The Association of International Certified Professional Accountants Responds to the OECD's Proposal to Address the Tax Challenges of a Global, Digital Economy

  • The Association is concerned that unilateral, cross-border taxation actions can lead to double taxation, business uncertainty and lengthy and expensive controversy for businesses and governments.

WASHINGTON--()--The Association of International Certified Professional Accountants (the Association) has submitted comments and recommendations to the Organization for Economic Co-operation and Development’s (OECD) public consultation on how to address the taxation of a global, digital economy.

In its response, the Association recommended that “a consensus-based, equitable, and successfully durable rebalancing of multi-jurisdictional taxing rights must have four elements:”

  • Any rules extending taxation nexus to businesses that lack a physical presence in a jurisdiction should be clear, measurable, predictable and applied consistently and neutrally across all industries and business models, and across all jurisdictions;
  • The arm’s-length standard, which is based on economic reality, is flexible enough to accommodate many of the concerns raised and provides a basis for addressing these concerns. Exceptions should consist solely of rules that are specific and limited in scope for attributing profits and losses to a jurisdiction. It is vital that any such rules are clear and administrable in their application and give proper regard to all value creating activities and business investment that takes place in other jurisdictions;
  • All participant Inclusive Framework jurisdictions must agree:
    • to adopt and fully implement the new consensus to ensure that all income is properly taxed only once across all applicable jurisdictions, and
    • to immediately repeal any previous unilateral actions, including temporarily enacted provisions related to digital services, whether currently in effect or pending; and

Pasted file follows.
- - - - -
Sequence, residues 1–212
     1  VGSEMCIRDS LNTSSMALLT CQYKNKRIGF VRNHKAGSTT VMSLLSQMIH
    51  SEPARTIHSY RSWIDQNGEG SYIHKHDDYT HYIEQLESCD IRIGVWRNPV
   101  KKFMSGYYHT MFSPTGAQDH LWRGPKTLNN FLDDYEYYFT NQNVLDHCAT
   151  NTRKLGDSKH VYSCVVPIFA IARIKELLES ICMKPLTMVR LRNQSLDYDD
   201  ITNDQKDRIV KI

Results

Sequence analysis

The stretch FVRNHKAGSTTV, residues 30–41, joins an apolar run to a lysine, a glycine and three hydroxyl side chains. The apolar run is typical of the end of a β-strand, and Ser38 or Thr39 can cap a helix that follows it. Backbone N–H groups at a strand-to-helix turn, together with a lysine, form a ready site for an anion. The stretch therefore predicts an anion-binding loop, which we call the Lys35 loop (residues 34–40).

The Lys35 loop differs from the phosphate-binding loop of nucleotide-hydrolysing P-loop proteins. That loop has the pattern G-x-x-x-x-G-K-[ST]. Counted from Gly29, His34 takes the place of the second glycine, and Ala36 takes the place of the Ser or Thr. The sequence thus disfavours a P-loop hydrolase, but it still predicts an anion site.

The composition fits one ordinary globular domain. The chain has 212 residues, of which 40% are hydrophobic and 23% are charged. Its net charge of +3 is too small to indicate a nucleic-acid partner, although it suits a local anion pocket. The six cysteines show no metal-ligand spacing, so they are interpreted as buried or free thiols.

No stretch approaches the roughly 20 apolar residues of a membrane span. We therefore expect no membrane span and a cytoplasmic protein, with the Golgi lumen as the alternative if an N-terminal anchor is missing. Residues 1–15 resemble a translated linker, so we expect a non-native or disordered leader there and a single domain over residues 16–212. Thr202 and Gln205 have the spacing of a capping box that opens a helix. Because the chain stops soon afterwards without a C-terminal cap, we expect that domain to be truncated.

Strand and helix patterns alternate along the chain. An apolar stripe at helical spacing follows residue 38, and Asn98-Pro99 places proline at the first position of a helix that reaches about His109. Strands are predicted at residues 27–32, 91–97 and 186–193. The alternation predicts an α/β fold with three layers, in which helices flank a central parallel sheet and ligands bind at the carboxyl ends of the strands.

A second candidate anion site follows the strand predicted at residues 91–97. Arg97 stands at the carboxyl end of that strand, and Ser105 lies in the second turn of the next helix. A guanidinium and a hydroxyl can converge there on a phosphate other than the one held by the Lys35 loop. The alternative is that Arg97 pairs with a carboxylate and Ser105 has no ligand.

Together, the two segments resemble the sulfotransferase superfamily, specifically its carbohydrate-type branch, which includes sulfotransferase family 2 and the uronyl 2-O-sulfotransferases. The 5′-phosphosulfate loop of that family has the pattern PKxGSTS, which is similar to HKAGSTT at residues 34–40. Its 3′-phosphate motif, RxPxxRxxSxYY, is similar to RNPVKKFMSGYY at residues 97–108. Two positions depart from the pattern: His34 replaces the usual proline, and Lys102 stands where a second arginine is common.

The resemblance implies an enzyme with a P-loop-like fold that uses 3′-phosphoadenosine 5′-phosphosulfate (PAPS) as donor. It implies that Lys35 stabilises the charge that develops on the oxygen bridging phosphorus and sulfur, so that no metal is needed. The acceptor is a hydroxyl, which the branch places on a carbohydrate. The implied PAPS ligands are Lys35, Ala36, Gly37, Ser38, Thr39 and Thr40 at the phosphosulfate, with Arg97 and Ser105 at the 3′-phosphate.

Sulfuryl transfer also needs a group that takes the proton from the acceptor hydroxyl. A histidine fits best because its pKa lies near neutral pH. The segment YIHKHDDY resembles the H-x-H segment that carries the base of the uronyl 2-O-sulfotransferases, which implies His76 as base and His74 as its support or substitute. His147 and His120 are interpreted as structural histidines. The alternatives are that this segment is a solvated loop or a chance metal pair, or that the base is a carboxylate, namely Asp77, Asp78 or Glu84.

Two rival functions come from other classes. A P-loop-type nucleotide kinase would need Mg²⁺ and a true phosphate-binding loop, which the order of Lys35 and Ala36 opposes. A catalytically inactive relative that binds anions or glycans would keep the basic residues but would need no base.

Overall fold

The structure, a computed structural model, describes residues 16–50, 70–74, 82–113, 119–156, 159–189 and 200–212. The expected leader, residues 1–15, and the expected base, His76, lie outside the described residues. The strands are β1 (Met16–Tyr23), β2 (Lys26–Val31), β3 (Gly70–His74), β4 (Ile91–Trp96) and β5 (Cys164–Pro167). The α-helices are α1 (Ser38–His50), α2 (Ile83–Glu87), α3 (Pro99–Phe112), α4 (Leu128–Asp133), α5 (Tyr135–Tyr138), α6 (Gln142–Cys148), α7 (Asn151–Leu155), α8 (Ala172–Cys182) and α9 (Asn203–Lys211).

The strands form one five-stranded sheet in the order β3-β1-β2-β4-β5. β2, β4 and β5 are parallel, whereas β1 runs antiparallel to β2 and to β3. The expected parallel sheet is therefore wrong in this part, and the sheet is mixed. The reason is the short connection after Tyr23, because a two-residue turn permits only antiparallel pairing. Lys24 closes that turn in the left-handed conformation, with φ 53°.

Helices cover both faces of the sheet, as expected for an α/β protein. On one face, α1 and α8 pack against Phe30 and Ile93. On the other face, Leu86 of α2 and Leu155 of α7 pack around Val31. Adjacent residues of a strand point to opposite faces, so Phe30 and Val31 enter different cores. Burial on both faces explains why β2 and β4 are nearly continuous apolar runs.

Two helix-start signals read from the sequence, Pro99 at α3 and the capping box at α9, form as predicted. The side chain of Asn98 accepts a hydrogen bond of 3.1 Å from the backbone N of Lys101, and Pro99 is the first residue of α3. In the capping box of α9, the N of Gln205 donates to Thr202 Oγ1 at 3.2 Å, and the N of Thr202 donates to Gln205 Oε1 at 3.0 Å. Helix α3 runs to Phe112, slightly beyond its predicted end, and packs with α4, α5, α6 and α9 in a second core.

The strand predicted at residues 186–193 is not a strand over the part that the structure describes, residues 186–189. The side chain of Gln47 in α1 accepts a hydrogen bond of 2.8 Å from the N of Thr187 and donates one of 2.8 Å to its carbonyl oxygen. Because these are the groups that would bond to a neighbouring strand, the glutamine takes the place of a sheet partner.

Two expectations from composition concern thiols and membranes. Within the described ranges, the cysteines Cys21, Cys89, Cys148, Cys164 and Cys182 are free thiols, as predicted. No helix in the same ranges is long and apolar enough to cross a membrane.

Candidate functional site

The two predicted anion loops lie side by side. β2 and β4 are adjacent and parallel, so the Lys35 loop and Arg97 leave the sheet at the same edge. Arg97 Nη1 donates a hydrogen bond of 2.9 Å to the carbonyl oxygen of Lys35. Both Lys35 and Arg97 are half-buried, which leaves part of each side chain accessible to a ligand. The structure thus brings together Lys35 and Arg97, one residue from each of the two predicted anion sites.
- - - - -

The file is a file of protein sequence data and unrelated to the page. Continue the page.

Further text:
• All participant Inclusive Framework jurisdictions must include compulsory effective and practical mechanisms in their treaties and other bilateral agreements to resolve any controversy over taxing rights, such as mandatory binding arbitration, as a minimum standard subject to peer review to ensure prompt resolution of any situations potentially resulting in double taxation.

The Association specifically cited five of its Principles of Good Tax Policy as the framework for its response: (1) equity and fairness to taxpayers; (2) certainty over the amount, timing and method of payment of a tax; (3) effective tax administration to both governments and taxpayers; (4) unimpeded or no reduction in economic growth and efficiency; and (5) enablement of appropriate government revenues.

Earlier this year, the Association provided the OECD with its Taxation of the Digitized Economy policy paper, which calls for “international coordination to develop a global solution to the taxation concerns raised by digital transactions and the general digitalization of the economy.”

About the Association of International Certified Professional Accountants

The Association of International Certified Professional Accountants (the Association) is the most influential body of professional accountants, combining the strengths of the American Institute of CPAs (AICPA) and The Chartered Institute of Management Accountants (CIMA) to power opportunity, trust and prosperity for people, businesses and economies worldwide. It represents 657,000 members and students across 179 countries and territories in public and management accounting and advocates for the public interest and business sustainability on current and emerging issues. With broad reach, rigor and resources, the Association advances the reputation, employability and quality of CPAs, CGMAs and accounting and finance professionals globally.

Contacts

Kathy King
202.434.9210
kathy.king@aicpa-cima.com

Release Summary

The Association of International Certified Professional Accountants submitted comments and recommendations on digital tax to the OECD.

Contacts

Kathy King
202.434.9210
kathy.king@aicpa-cima.com